• to Jason
    Jason- The ISO press release does an outstanding job of presenting the point of view of the organization. Please remember, though, that there is another point of view. I encourage you to visit the musicians' website so you can learn their perspective on this conflict as well. Maybe you will agree with them, maybe you won't- but once you appreciate both sides you will certainly have a more informed view. At the very least, you will understand how very complex this situation is. But please consider- When the ISO talks in their press release about how terrible things will be if things continue along their present course, it is important to remember that NO ONE IS PROPOSING THAT. The musicians are suggesting that substantial cuts be made, that permanent management be put into place and that management take counsel from people with a demonstrable history of turning troubled arts organizations around. They also do not seem to explain in their press release why they think it is a good idea to use their limited resources to put on concerts by "guest artists" instead of using those funds to preserve their own wonderful symphony. One more point- both the ISO release and the musicians' site are obviously biased. If you want a neutral view from a recognized authority in the field, I encourage you to read the blogging Drew MacManus has been doing on this subject as adaptistration.com
    • Thornburg theory
      "The beatings will continue until morale improves" is the first thing that comes to mind here.
    • thanks george
      Thanks for being open to my comment, George. As I say, I am on your side in this. I even understood the point you were trying to make with that old newspaper article. But I'm not sure how useful it is to talk about how great things were in the seventies or even to complain about mistakes that management might have made a few years ago. Why not focus instead on where the orchestra is today and where we would like it to be tomorrow? I agree that I would certainly love to see Thornburgh make more of an effort to appreciate the concerns of those who disagree with his approach. It has been reported, for instance, that symphony ticket sales have remained steady even though, to quote Thornburgh, "the public has more and more options for spending their time." I would argue that the reason why the audience has remained so loyal is because they believe it's worth paying to see a performance by a group of world class musicians. If Thornburgh guts the salaries of those musicians and they are replaced by lesser talents, I fear the decline in artistic quality would be quickly followed by a steep drop in ticket sales. That would lead to an even bigger deficit which would, I suppose, be dealt with by cutting salaries yet again which would result in still lesser musicians which would lead to another drop in ticket sales and, well, you get the idea. In short, I fear the Thornburgh approach would put the orchestra in a death spiral from which it could never recover. Businesses simply don't improve the bottom line by cutting the quality of their product. If Thornburgh has responded somewhere to the above argument, I have not seen it.Even if he disagrees with that view, I would still love to see him demonstrate that he understands that the musicians are not being selfish, that they are taking the position they are because they sincerely believe it is in the best long term interests of the organization. If he did, I truly believe it would help lead to a resolution sooner rather than later.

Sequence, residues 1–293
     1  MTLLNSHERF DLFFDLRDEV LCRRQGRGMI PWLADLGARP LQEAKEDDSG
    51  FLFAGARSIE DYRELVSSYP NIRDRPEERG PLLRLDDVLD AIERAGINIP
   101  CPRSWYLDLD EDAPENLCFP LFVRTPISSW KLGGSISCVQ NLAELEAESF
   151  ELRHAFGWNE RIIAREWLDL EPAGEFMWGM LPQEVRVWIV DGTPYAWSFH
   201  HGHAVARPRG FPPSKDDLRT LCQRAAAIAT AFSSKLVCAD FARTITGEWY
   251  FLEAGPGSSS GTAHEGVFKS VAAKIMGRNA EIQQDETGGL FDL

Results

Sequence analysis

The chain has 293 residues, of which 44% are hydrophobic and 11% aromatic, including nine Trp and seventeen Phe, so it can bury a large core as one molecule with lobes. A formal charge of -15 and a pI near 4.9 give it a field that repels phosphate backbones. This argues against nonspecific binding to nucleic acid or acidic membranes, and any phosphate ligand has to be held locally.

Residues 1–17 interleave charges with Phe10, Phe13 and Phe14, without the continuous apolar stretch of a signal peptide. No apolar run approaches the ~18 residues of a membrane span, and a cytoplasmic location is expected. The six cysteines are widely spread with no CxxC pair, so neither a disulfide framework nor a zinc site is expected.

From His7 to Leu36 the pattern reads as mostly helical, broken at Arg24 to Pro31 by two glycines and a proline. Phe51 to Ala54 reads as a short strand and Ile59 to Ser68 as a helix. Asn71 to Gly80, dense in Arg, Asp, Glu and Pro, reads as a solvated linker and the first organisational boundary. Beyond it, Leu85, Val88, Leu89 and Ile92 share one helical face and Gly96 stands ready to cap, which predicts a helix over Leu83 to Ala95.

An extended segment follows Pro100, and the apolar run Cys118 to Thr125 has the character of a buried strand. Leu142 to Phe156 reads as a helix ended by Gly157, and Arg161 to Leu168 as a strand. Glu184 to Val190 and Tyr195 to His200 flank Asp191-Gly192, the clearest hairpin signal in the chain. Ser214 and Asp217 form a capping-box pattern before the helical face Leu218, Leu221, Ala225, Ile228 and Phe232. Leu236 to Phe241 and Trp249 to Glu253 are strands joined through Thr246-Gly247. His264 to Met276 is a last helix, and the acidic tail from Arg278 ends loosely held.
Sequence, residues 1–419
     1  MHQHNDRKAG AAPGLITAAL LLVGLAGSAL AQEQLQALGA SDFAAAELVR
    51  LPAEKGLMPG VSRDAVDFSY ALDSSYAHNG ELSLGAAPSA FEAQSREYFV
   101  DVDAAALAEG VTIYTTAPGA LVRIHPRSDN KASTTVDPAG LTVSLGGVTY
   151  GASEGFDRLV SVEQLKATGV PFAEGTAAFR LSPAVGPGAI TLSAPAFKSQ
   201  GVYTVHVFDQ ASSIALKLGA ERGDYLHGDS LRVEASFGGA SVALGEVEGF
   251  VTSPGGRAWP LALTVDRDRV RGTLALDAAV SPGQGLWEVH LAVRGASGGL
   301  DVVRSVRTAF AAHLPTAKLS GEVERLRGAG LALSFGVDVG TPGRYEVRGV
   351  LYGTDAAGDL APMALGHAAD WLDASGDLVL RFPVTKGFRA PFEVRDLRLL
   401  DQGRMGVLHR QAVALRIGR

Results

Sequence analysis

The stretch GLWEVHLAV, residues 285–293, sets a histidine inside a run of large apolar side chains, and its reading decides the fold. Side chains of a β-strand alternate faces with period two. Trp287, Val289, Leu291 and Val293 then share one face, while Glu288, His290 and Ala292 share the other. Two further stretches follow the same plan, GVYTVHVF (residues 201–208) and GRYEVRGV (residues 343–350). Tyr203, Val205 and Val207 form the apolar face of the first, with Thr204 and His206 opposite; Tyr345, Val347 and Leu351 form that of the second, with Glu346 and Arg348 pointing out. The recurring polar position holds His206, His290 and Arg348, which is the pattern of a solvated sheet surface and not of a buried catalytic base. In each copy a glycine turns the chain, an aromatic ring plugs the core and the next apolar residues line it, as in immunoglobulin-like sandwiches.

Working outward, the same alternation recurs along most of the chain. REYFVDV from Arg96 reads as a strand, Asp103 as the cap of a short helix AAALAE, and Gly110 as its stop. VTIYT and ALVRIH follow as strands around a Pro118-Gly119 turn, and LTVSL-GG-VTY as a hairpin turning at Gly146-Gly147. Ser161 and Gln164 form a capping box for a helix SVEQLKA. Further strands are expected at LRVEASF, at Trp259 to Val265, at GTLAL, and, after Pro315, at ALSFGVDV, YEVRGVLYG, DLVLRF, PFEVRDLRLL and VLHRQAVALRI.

• Tough Decisions
      The fact is that the management has done everything they can to avoid cuts. The money just doesn't add up right now. If you look at this ISO press release it explains pretty well that there are no other options. By the way, the Board of Directors are volunteers and not paid, so thus have zero incentive to cheat the musicians. http://www.indianapolissymphony.org/PressRelease9_3_12_FINAL.pdf
      • Scheduling Conflict?
        I kept reading in the Star about "scheduling conflicts" keeping two sides from continuing to negotiate. What "scheduling conflicts" and whose "scheduling conflicts?" If this was important to both sides, what really kept them from neogtiating?
      • Guest, You Actually Make Sense.
        I agree with you about the level of discourse and the comportment of same in today's culture, and in that regard given the passions at hand, I wouldn't deny that some apologies may actually be in order...but more for the delivery than the message. Where you'll have a hard time selling me is with the notion that the board's ridiculous demands in any way reflect any consideration whatsoever about the true well-being of the ISO. And the point of the 30-year old article is that what they're attempting to do is eradicate in one ill-conceived fell swoop what has taken generations to build. Given that, and given that the symphony also went through "dire" straits in the '60's and early 70's and managed to survive to become a local, state and some would argue national treasure, that one more year in which a concerted effort is made to engage a real management team, a truly well-intentioned board and the musicians at large toward the SAME goal is not an unreasonable request. Mr. Thornburgh's own numbers don't justify what he and his board faction are proposing. It's the moral equivalent of euthanizing your dog because it has fleas. Thanks for the wake up call. But they've got to answer theirs as well.